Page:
Catholic conservatives are in full-scale lobbying mode following the release of a progress report on the deliberations of some 190 cardinals and bishops discussing issues related to the modern family.
If you have been following any news reports about the high-level, two-week summit, called a synod, you have probably seen that the report relayed the fact that in their allotted five-minute talks, a number of bishops (it’s unclear how many) spoke about the need for the church to welcome people who have felt alienated by the Catholic Church’s teachings and attitudes and language.
Gays and lesbians, and the divorced and remarried, and cohabiting couples would be tops on the list, and the report recounted how some prelates called for the church to view what is positive in their relationships, rather than harping on what is negative.
That shift in tone, however preliminary, contained in a “working document,” gained widespread media attention, which indicates how bad the church’s reputation has been on this score. There was really nothing too earth-shattering in there to anyone who knows parishes and parish priests and many bishops and theologians, who deal with people in pastoral situations all the time.
But for hardliners, and more than a few moderates, the opening to gays and the remarried et al seemed like a step onto the slipper slope, or pulling one too many blocks from the Jenga tower that is Catholic moral theology, in their minds. The whole edifice would crumble.
Indeed, the synod report itself warns against “a logic of ‘all or nothing’.”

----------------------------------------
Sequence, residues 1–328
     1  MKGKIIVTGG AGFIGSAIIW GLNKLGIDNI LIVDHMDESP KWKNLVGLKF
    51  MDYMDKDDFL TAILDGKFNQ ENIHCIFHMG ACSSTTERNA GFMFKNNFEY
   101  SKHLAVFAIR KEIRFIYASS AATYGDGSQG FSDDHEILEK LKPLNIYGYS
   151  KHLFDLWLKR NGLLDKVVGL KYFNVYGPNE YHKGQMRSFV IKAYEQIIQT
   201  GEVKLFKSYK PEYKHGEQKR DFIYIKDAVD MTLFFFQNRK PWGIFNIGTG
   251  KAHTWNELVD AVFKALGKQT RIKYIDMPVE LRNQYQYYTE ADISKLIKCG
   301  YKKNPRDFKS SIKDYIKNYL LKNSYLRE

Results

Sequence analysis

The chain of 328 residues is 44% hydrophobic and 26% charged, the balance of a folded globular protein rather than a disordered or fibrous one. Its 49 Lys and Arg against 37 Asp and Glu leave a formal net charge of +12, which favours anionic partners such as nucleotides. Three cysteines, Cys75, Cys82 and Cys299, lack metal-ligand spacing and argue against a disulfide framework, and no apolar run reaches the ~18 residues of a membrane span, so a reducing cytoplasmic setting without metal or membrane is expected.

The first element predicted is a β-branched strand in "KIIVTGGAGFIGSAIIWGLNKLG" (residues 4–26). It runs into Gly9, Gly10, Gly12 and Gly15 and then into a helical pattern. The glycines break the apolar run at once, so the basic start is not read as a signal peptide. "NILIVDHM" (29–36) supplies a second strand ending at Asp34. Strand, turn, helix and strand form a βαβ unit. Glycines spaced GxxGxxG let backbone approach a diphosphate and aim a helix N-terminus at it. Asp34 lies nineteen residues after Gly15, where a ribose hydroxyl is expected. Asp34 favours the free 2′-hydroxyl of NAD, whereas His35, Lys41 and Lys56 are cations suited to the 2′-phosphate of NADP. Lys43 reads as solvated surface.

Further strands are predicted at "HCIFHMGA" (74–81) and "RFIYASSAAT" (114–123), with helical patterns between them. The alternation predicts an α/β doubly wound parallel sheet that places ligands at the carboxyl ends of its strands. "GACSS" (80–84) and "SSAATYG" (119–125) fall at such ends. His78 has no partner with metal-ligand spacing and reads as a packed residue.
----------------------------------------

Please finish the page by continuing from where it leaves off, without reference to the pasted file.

But that position is where the Catholic Right is coming from, and that also explains the “bonkers reactions,” as Catholic author and commentator Austen Ivereigh put it, to the midterm report in what is going to be a years-long process.
“You realize: they worship idol of clarity,” he tweeted, adding:
And like all idols, they demand human sacrifice. #bonkersreactiontosynod14
— Austen Ivereigh (@austeni) October 13, 2014
Cue the statement from John Smeaton, head of the conservative activist group, Voice of the Family, who on Tuesday wondered why the synod had not been “brought to an immediate end and the organizers dismissed.”
In an interview released Tuesday (Oct. 14), American Cardinal Raymond Burke, former St. Louis archbishop and head of the Vatican court system — and a vocal leader of the increasingly mobilized opposition — blasted the synod report and Pope Francis for not coming out and clarifying that the report is contrary to church teaching.
And that is the bottom line for conservatives at this point: they need a definitive statement by the synod and the pope that slams the door on the openings created by no small number of bishops and cardinals.
Anything less would leave those other suggestions by the reformers out there as legitimate approaches, since they were after all raised and endorsed by a number of high-ranking churchmen. If that happens, the reformers “win,” if that’s what you’d call it.
Will the conservatives get what they want? As Cardinal Tagle of the Philippines said over the weekend, “The drama continues.”